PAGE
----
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Correlation between maximum crystal growth rate and glass transition temperature of silicate glasses

Vladimir M. Fokin, Marcio L.F. Nascimento *, Edgar D. Zanotto *

Vitreous Materials Laboratory, LaMaV-UFSCar, 13565-905, Sao Carlos-SP, Brazil Received 1 May 2004; received in revised form 9 February 2005

Abstract

Recent publications demonstrate that the maximum homogeneous nucleation rates, Imax, of silicate glasses strongly diminish with the reduced glass transition temperature, Tgr (=Tg/Tm/L, where Tg is the glass transition temperature and Tm/L is the melting point or liquidus temperature). In addition, the critical cooling rates for metallic glass formation, Rc, also drop with rising Tgr. From these empirical observations as well as from theoretical considerations, it is expected that the maximum crystal growth rates, Umax, also depend on Tgr. In this paper we test and confirm this assumption by plotting experimental Umax vs. Tgr for 20 silicate glasses, and then use the most common crystal growth model – screw dislocation growth – to calculate and compare maximum experimental growth rates with theoretical predictions. Despite several assumptions made for the calculations, there is good agreement between theory and experiment, both in the magnitude of Umax(Tgr) and in the temperature of the maximum crystal growth rate, TUmax. These findings indicate that the screw dislocation growth model is a good approximation to describe crystal growth in silicate glasses.

2005 Elsevier B.V. All rights reserved.

1. Introduction

Fundamental studies of the mechanisms and kinetics of crystal nucleation and growth in glass-forming liquids not only provide valuable scientific insight, but also have practical relevance. Indeed, a plethora of novel oxide, chalcogenide and metallic glasses, as well as micro and nanostructured glass-ceramics, are being continuously developed based on such knowledge [1–5]. In a recent publication [6] we demonstrated that the maximum nucleation rates, Imax, of silicate glasses strongly diminish with reduced glass transition tempera- ture, Tgr = Tg/Tm/L, where Tg is the glass transition temperature (measured by conventional methods) and Tm/L is the melting point or liquidus temperature. In Ref. [6] we showed, for 51 glass-forming liquids, that the exper- imental Imax drops by 12 orders of magnitude, from panded version of Fig. 1 of Ref. [6], now with 5 glasses. The highest nucleation rate (about 1018 m 3 s 1) was estimated for a lithium silicate glass with 4 mol% of lithium oxide via X-ray diffraction line broadening of a fully crystallized sample [7]. Thus, the range of varia- tion of the nucleation rate with Tgr now extends to about 16 orders of magnitude.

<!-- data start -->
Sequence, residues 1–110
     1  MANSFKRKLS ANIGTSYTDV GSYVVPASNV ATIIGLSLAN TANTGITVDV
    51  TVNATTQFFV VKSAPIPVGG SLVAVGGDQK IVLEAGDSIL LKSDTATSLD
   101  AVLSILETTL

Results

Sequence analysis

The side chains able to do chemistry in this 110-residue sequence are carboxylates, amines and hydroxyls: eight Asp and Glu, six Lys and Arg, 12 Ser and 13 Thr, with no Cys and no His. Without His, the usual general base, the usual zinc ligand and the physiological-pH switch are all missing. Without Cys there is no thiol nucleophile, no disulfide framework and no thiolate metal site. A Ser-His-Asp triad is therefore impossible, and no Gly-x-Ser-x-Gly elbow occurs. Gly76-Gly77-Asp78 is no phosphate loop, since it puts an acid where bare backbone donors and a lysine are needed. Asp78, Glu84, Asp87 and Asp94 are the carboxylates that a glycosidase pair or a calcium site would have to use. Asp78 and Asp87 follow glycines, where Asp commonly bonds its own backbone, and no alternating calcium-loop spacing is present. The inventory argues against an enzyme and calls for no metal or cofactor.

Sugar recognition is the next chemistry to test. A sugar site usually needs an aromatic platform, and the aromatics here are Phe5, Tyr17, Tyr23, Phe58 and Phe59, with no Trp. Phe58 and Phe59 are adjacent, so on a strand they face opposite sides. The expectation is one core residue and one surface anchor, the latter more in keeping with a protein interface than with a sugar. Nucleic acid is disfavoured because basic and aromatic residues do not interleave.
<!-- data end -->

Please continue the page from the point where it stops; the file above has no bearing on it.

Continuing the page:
In addition, Lu et al. [8] demonstrated that the critical cooling rates for metallic glass formation, Rc, drop from 1010 to 10 4 K/s when Tgr varies from 0.25 to 0.70. Since Rc is directly linked to both homogeneous nucleation where TL is the liquidus temperature, and In and Un refer to the nucleation and growth rates at the nose of the corresponding transformation–temperature–time curve

02-3093/$ - see front matter 2005 Elsevier B.V. All rights reserved. doi:10.1016/j.jnoncrysol.2005.02.005

* Corresponding authors.

E-mail addresses: pmlfn@iris.ufscar.br (M.L.F. Nascimento), dedz@power.ufscar.br (E.D. Zanotto). URL: http://www.lamav.ufscar.br (Vitreous Materials Lab.).

w.elsevier.com/locate/jnoncrysol Journal of Non-Crystalline Solids 351 (2005) 789–794 of the glass], it is reasonable to expect that the maximum crystal growth rates Umax ¼ UðTUmaxÞ also depend on Tgr.

This dependence of Umax is also expected from theoretical considerations, since the kinetic barriers for nucle- ation and growth should be similar. In this paper we test and confirm this hypothesis by plotting experimen- tal Umax vs. Tgr for 20 silicate glasses. We then use the most common crystal growth model – screw dislocation growth – to calculate and compare maximum experi- mental growth rates and their temperatures, TUmax, with theoretical predictions.